Bringing Qatar back from open conflict with its brothers

The dispute between Qatar and its Arab neighbors hurts everyone involved. Qatar had agreed to cooperate with the other governments including Saudi Arabia, Bahrain and the United Arab Emirates. Instead, they are involved in a boycott that verges on open warfare.

Russia probe may see indictments by Mueller

The grand jury is the prosecutor's best friend: If he wants to get rid of a weak, unpopular or politically incorrect situation, he does a "slow roll" to the grand jury and then says, "Well, the grand jury refused to indict," and shrugs his shoulders. The case -- and whatever controversies are associated with it -- simply goes away and the prosecutor washes his hands of it.

Illustration on sanctuary cities as hideouts by Linas Garsys/The Washington Times

Sanctuary cities vs. hideouts

In biblical times, a sanctuary city was a place where someone who had committed unintentional manslaughter could find refuge from "the avenger of blood." If the offender left the sanctuary city, he could be set upon by a relative of the dead person and killed. No sanctuary was available to anyone who committed murder with malice aforethought.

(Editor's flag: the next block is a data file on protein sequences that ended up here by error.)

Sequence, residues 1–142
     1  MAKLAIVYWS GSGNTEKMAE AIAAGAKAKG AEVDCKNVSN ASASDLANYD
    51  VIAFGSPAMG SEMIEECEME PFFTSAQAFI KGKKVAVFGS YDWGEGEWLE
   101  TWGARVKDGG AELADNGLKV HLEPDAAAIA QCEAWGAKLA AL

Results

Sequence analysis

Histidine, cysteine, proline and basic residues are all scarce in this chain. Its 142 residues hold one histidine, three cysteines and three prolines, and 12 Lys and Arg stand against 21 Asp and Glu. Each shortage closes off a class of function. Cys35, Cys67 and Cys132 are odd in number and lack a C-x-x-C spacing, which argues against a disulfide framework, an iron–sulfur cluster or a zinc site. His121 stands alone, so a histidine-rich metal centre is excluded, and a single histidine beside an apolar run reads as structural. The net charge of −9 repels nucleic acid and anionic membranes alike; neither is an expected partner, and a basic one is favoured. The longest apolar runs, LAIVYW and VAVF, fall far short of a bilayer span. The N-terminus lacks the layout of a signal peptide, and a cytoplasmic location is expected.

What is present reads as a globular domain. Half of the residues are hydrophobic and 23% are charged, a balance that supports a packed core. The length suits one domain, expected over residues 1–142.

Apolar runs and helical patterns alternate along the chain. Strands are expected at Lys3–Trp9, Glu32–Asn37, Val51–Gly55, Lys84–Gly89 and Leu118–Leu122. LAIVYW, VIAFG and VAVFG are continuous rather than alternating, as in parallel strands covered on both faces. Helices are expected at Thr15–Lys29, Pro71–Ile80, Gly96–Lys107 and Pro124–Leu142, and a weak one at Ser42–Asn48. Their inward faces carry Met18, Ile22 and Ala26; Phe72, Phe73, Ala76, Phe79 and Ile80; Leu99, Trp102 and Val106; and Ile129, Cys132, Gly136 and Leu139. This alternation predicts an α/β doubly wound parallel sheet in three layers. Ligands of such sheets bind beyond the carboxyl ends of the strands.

Illustration on U.N. Ambassador Nikki Haley and the North Korean situation by Alexander Hunter/The Washington Times

Nikki Haley -- A superstar in Donald Trump's Cabinet

Donald Trump has a skill for recruiting Cabinet officers he has treated badly. Serving in his administration can require selfless devotion to duty. Jeff Sessions, the attorney general, could tell you about that. So could Nikki Haley, the U.S. ambassador to the United Nations who is swiftly becoming the Cabinet superstar.

Illustration on the coming crisis in U.S. health care by Linas Garsys/The Washington Times

The coming single-payer health care system

President Trump's threat to withhold subsidies from insurance companies and congressional staff to purchase insurance will not likely result in Republicans agreeing on a plan to replace Obamacare. That sets the table for Democrats to further socialize American medicine.